Support the creation of high quality flexible and part time jobs, including through requiring jobs to be advertised as flexible by default, and conducting a review of public sector employment to promote flexible jobs;
Ensure our social security system provides effective support, including making the £20 increase to Universal Credit permanent and extending it to legacy benefits;
Invest in childcare support, including providing an up-front grant to prevent single parents falling into debt when they start work.
Stephen Evans, chief executive of Learning and Work Institute and author of the report, said;
The pandemic has exposed the flaws in our labour market and social security system, and it has deepened pre-existing inequalities. Single parent families were much more likely to be in poverty before the crisis, and the pandemic has hit them harder.
A key part of ‘building back better’ must be ensuring lower levels of poverty after the pandemic than before. We need a four-point plan to tackle lone parent poverty, with high quality employment and skills support, a drive to boost flexible job opportunities, stronger social security support, and more investment in childcare.
Katie Schmuecker, deputy director of policy & partnerships at the Joseph Rowntree Foundation, said:
It is deeply concerning that the grip of poverty is tightening on single parent families. We know that many of these families are at greater risk of poverty and are often trapped on low incomes for longer. Now, without more targeted income, employment and childcare support for single parents, the pandemic risks making it even harder for them to make ends meet.
No economic recovery will be truly successful if single parents do not share in its success. We need good jobs which offer flexibility, more affordable childcare as well as tailored employment support and training which offers a path to a decent livelihood. It’s also crucial that the Government makes the £20 uplift to Universal Credit permanent and extends this lifeline to legacy benefits if we are to protect families from greater poverty and debt.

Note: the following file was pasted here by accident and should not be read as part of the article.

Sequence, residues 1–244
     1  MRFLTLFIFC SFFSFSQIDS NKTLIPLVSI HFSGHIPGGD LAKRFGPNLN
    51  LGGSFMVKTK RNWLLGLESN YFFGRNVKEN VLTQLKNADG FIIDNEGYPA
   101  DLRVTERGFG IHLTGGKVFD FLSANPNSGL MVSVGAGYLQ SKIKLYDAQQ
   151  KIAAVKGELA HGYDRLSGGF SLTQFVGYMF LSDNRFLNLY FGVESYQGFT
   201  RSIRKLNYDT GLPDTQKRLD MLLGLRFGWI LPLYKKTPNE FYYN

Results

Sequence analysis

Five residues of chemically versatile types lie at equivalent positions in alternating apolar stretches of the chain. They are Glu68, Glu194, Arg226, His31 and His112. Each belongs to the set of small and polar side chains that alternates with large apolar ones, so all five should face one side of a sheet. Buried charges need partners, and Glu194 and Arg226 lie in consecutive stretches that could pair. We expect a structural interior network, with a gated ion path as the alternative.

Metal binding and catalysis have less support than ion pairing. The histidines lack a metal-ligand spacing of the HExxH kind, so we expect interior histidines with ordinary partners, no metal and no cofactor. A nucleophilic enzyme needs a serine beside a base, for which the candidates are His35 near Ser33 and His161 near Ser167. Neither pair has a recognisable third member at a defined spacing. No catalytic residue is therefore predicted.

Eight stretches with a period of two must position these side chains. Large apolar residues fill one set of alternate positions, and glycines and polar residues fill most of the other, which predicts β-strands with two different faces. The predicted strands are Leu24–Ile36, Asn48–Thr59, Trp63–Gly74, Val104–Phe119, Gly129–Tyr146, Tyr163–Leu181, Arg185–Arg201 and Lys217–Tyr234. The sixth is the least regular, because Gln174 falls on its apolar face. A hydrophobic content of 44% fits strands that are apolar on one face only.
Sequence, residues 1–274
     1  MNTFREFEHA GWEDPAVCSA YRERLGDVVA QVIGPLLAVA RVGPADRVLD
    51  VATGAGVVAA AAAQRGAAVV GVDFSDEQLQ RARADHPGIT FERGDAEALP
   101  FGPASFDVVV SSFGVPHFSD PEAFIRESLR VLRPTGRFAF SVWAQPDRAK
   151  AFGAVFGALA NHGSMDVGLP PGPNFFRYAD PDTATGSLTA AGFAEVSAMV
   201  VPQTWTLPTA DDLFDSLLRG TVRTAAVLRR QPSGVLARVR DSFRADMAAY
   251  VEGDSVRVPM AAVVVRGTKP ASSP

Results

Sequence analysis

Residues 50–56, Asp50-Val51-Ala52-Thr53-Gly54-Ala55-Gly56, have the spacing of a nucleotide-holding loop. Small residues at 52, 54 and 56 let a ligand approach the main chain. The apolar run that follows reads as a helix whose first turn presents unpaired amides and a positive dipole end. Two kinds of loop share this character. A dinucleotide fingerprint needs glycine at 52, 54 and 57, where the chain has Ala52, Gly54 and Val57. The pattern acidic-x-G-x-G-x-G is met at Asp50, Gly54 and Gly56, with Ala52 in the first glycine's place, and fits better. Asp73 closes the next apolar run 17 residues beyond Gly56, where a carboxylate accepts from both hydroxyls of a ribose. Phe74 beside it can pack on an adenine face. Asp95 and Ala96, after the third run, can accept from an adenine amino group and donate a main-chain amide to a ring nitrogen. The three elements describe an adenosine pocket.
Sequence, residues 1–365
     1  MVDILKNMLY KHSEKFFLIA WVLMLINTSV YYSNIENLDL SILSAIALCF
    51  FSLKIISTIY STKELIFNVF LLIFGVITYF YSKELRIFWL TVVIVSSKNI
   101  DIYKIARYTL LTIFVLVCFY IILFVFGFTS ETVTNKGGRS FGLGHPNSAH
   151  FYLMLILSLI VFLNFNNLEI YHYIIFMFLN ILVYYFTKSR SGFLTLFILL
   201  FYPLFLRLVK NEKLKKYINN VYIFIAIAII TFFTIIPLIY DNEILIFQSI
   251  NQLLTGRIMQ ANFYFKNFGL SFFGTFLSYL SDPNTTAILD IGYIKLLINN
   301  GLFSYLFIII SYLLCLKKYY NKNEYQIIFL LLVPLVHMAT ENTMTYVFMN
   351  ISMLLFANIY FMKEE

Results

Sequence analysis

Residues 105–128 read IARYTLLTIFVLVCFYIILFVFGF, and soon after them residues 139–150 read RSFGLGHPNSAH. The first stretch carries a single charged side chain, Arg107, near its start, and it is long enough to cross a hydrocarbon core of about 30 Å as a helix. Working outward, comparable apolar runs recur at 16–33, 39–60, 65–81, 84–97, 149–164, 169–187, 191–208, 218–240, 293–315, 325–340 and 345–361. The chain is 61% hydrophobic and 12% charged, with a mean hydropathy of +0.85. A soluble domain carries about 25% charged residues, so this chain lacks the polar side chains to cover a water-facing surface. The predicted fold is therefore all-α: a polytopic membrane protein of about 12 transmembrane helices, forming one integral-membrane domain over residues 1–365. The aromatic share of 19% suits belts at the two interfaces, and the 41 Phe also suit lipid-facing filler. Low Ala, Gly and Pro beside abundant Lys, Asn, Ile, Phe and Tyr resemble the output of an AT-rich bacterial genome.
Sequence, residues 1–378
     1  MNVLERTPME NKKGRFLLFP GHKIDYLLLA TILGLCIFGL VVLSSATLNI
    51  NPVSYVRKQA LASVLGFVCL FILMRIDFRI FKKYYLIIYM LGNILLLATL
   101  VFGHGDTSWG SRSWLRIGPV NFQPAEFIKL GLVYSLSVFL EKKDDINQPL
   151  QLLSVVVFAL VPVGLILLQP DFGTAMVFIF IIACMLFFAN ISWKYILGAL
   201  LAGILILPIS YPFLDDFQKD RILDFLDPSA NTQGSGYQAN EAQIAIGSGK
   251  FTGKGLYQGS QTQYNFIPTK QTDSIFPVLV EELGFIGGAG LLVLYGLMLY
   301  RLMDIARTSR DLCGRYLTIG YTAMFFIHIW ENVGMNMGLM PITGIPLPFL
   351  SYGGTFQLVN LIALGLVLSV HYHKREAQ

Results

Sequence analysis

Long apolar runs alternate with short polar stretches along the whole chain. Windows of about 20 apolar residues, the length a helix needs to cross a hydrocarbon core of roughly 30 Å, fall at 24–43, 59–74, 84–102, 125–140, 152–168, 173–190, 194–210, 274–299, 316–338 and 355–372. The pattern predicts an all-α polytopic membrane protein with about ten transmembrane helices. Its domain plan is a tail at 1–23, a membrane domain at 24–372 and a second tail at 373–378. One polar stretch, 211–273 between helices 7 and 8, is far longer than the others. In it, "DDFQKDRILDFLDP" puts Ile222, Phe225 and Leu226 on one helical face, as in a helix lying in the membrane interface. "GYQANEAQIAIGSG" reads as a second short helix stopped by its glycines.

Victoria Benson, CEO at Gingerbread, said;
This new research provides a stark reminder of the devastating impacts the pandemic is having on single parent families. Even before the Crisis, single parent families were far more likely to be living in poverty compared to any other household type - despite record numbers in employment.
The pandemic has poured fuel onto the fire, forcing many single parents into an impossible balancing act of working and caring for their children without the formal and informal childcare support they would normally rely on to make work possible. Many have lost jobs and income as a result, putting them at even greater risk of poverty.
The Government must do more to support single parent families through the pandemic and beyond. Single parents must be better supported to stay in work, find new work or retrain to ensure that they can access quality, flexible and sustainable work for the long term. Alongside this, greater investment in childcare infrastructure is vital to ensure that single parents are not locked out of work altogether.
The research was funded by Joseph Rowntree Foundation, an independent social change organisation working to solve UK poverty.